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Louis Untermeyer


The Occasional Muse
My humble opinion on current events

August 3, 2002

Gun Bias at the Associated Press

Conservatives, libertarians, and gun control opponents have long argued that the mainstream media has a pervasive bias against guns and gun rights. This argument was underscored by an Associated Press article that the Arizona Republic ran in its Sunday, July 28 edition. 

Rash of crimes using guns leaves Europeans shocked blared the headline. Written by Thomas Wagner, the article's first sentence sets the tone: "For years, Europeans have seen the United States as the epitome of the Wild West, where gun control laws are weak and violent crime is widespread." 

So right away we get a tenet accepted by gun control activists: more guns equal more crime. Never mind that this concept is rejected by reputable people. Never mind that, at best, this idea is debatable. Not for Wagner and the Associated Press. They present it as fact, as do the gun control activists.

John Lott argued in a book a few years ago that more guns actually produced less crime. He examined crime statistics in states that adopted concealed-carry laws, which allow law-abiding citizens to pack heat. Those states saw a drop in gun-related crimes like murder, rape, and assault. This makes sense, because a would-be criminal must think twice before attacking someone, as the potential victim might be armed.

Restrictive gun control laws don't lower the crime rate. California, New York, and the District of Columbia have very strict gun control laws - are the streets of Los Angeles and Washington, D.C. safe? Of course not - criminals know their victims likely will not be armed.

But back to the article. Wagner concedes that "the disparate attacks do not seem to have a common cause." He quotes a French journalist that "nobody knows what has caused all these random attacks in Europe and if there is any connection among them." 

In other words, the availability of guns may have nothing to do with the "rash of crimes using guns." But that doesn't stop Wagner. He quotes the same journalist: "But everyone is asking two questions: How do such attackers suddenly appear on our streets with guns or rifles?" That's a good question, because gun control laws are notoriously tight in most of Europe, save Switzerland. But not once does Wagner question the effectiveness of gun control.

Instead, he cites the July 14 assassination attempt on French President Jaques Chirac by a "young man with neo-Nazi connections" and "member of a right-wing student group." The attempt failed - the criminal managed only one shot before the crowd swarmed him. Wagner then cites the successful assassination of Dutch politician Pim Fortuyn by a lone gunman who is an "activist for the environment and animal rights."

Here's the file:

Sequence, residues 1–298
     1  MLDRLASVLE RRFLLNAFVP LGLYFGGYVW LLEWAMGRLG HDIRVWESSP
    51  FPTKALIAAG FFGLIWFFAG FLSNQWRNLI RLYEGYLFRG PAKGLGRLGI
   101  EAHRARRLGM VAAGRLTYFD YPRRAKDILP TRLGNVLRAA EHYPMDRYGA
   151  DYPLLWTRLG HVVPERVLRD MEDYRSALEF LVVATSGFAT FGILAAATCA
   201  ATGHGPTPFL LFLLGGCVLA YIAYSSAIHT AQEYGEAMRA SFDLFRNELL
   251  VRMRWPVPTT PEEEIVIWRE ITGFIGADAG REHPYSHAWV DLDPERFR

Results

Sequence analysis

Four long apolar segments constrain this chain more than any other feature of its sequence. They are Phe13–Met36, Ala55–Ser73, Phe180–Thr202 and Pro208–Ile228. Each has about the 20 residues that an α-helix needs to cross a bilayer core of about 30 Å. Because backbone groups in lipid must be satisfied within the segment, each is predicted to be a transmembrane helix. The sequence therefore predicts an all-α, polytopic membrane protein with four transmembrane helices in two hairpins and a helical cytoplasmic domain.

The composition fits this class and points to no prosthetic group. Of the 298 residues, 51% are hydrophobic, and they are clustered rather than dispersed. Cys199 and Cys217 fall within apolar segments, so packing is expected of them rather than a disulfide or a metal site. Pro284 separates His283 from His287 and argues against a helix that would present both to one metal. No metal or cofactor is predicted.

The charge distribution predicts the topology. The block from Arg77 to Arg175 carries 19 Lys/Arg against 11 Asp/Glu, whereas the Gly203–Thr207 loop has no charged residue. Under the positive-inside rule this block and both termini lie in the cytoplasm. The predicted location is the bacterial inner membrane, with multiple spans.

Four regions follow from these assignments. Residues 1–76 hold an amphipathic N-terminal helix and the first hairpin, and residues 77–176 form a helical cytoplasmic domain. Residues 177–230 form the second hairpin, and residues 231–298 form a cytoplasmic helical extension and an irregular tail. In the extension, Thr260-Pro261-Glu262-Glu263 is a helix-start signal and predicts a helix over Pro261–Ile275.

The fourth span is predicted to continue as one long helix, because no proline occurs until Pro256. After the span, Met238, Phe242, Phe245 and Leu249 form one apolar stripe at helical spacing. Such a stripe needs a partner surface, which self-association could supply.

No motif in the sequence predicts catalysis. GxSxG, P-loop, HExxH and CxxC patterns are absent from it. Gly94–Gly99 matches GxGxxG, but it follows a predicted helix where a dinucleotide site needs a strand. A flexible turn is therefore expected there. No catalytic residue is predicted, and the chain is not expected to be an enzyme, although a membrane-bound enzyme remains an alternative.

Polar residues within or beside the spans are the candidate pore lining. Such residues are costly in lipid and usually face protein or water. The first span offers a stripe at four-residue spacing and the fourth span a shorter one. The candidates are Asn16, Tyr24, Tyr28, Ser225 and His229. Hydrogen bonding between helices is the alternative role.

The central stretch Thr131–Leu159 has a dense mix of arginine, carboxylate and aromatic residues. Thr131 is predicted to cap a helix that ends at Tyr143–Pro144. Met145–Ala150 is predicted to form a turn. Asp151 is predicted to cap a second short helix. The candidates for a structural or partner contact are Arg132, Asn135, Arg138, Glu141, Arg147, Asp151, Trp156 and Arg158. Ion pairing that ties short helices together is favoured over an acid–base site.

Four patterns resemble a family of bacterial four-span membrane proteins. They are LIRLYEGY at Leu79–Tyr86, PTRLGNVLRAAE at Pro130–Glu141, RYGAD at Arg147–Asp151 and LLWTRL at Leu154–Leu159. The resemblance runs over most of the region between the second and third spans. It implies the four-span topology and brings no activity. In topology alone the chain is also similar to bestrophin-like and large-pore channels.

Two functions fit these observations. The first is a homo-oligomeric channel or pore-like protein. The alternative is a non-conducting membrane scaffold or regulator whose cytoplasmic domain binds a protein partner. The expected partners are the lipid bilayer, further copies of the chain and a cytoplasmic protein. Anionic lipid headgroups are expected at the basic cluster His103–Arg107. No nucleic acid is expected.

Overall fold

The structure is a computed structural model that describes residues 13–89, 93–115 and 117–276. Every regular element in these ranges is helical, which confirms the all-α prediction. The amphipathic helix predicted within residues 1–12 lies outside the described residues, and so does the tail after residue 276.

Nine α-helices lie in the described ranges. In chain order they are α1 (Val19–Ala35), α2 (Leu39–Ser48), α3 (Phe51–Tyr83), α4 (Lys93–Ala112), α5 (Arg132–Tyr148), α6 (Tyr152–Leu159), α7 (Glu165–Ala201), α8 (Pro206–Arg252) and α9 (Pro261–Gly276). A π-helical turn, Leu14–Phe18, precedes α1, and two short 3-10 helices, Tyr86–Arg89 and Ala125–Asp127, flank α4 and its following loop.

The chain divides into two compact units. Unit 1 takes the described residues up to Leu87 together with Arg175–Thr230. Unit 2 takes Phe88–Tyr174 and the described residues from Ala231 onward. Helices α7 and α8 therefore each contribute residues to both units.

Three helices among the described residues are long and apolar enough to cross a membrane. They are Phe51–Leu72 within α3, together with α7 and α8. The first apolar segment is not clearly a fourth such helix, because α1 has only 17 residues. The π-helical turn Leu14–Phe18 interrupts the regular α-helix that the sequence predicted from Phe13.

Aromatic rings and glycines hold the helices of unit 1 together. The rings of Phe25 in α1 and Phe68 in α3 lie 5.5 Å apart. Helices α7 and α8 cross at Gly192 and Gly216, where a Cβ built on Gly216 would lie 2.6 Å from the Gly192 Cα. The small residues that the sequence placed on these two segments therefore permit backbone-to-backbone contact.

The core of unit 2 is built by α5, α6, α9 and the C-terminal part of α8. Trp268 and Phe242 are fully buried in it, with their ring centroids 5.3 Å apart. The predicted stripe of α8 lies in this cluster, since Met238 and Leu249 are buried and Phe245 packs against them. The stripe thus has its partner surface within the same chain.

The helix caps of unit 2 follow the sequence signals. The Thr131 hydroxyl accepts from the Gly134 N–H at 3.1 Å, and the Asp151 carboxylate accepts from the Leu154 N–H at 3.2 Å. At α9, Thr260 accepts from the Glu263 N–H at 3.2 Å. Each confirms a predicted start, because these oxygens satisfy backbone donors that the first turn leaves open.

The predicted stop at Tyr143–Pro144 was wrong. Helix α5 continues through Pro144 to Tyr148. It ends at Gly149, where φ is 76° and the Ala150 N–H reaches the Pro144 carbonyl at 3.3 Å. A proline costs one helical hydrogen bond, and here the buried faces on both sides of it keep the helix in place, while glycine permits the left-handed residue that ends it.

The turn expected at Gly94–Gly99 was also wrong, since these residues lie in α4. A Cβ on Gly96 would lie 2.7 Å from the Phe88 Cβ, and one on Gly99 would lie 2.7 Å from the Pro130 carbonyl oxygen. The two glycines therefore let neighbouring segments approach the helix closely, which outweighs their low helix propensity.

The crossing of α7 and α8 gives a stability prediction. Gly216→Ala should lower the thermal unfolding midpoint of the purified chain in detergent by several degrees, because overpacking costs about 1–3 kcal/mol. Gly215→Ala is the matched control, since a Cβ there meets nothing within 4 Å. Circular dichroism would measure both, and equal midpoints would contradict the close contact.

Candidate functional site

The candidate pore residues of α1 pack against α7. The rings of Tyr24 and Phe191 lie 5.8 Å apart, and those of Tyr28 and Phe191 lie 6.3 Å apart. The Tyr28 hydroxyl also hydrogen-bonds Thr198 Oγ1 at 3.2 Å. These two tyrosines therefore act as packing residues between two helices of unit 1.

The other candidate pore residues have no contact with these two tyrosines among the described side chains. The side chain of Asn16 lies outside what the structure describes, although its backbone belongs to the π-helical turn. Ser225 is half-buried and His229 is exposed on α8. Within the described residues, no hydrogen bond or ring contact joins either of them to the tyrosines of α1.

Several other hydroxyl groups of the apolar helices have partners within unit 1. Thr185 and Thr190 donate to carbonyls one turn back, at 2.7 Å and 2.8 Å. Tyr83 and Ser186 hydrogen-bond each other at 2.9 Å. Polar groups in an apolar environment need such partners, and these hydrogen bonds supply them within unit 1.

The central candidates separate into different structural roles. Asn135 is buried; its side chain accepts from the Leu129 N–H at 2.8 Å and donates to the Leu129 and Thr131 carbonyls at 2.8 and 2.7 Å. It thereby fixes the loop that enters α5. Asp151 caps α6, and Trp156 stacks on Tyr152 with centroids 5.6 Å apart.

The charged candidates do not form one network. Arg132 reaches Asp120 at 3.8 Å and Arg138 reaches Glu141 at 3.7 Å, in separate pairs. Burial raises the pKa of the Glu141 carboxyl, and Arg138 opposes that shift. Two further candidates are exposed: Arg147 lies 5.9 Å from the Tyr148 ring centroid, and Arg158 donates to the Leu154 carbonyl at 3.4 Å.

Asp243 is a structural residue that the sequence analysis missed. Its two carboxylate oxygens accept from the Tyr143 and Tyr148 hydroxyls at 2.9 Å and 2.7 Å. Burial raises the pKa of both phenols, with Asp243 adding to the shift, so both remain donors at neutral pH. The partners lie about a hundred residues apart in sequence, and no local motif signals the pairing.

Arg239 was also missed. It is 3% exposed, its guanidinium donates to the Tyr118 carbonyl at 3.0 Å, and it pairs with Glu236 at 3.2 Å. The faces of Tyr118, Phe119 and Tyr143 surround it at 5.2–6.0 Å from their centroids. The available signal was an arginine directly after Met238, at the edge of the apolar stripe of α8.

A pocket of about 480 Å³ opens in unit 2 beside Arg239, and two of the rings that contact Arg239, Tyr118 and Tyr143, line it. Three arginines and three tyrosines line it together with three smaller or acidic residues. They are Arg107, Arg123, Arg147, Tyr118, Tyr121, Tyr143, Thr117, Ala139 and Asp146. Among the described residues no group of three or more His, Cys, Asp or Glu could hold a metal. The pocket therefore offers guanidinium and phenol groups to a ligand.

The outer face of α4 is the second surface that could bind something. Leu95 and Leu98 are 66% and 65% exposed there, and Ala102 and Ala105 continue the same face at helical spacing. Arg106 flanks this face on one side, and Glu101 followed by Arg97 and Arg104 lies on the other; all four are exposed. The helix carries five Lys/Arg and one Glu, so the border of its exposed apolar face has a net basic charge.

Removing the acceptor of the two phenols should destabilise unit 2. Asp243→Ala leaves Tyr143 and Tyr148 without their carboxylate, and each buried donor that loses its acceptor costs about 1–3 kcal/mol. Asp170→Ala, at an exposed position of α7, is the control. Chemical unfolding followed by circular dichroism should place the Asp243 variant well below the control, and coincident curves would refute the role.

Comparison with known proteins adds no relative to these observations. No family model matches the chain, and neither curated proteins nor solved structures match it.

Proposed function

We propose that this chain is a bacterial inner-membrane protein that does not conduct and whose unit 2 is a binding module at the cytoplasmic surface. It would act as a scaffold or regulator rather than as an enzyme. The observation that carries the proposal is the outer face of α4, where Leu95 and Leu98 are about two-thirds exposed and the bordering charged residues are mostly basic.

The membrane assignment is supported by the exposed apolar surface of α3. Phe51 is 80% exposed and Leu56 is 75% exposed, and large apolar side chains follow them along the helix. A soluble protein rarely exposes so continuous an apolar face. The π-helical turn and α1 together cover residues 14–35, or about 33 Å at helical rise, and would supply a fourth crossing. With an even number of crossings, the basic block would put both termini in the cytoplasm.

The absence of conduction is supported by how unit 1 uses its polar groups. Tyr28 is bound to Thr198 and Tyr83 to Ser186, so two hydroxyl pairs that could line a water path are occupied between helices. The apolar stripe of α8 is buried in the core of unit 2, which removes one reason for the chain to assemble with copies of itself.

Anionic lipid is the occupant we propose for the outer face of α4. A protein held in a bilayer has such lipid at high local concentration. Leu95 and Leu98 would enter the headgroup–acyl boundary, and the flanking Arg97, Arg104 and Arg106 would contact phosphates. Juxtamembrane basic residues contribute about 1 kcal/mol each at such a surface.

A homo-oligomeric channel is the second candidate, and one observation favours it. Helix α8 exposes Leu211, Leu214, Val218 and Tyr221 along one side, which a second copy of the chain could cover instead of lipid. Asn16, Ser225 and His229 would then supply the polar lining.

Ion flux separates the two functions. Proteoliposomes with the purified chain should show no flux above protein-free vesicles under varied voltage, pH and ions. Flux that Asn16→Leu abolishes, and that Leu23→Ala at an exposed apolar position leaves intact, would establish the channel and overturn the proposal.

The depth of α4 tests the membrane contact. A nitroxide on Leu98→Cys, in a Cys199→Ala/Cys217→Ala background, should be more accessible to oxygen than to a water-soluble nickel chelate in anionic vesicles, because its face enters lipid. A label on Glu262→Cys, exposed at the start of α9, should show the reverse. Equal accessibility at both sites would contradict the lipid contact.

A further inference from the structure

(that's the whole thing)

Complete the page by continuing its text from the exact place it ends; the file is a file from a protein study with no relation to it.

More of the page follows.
(Note the labels. The French fool who couldn't shoot straight was an apparent neo-Nazi and right-winger. The successful murderer was merely an "activist," rather than a left-winger.)

Wagner then relates a series of gun-related crimes. "In France, a gunman killed eight officials at a suburban city council meeting outside Paris in March, prompting the government to vow to crack down on guns." Hard to see how much tighter they can crack down on guns in France, but that doesn't matter. The next sentence reveals why. "The attack left people wondering how the gunman, who had a history of psychological problems, was able to obtain semiautomatic pistols." Let's see - could it be because he's a criminal who does not let laws stop him? How would more laws help? Wagner doesn't even raise these questions.

Another gunman knocked off 14 people in a government building in Switzerland, which requires that every household own a gun. Gun crime in Switzerland is virtually non-existent. Don't tell that to Wagner, who writes that the "Swiss government also planned to tighten some of the most relaxed gun control laws in Europe, but so far has not acted." The logic is amazing. Switzerland is probably the safest country in the world with "relaxed" gun control laws, yet it should adopt the strict gun control laws practiced by its European neighbors, who are experiencing a "rash of crimes using guns" despite (or perhaps because of ) strict gun control laws.

The problem with the article is that Wagner's assumptions about gun control are built into the article and accepted as fact. This is liberal bias.

But it's only one article, you argue. You can't indict the entire media for one article.

But this article is representative of the media's approach to the gun issue. I could pull out dozens if not hundreds more, just from the print media alone. It also reveals the Associated Press's bias. Countless editors read and approved Wagner's article. Did none of them spot the bias? What does that say? Or did they see it and approve of it, or choose to ignore it? Do all Associated Press editors do the same?

This is an important issue. An honest and open press is vital in a free society. Citizens must have accurate information if they are to rule themselves. It's the media's job to deliver that information. Bias, liberal or otherwise, distorts that information and misleads citizens.

That, my friends, is inexcusable.

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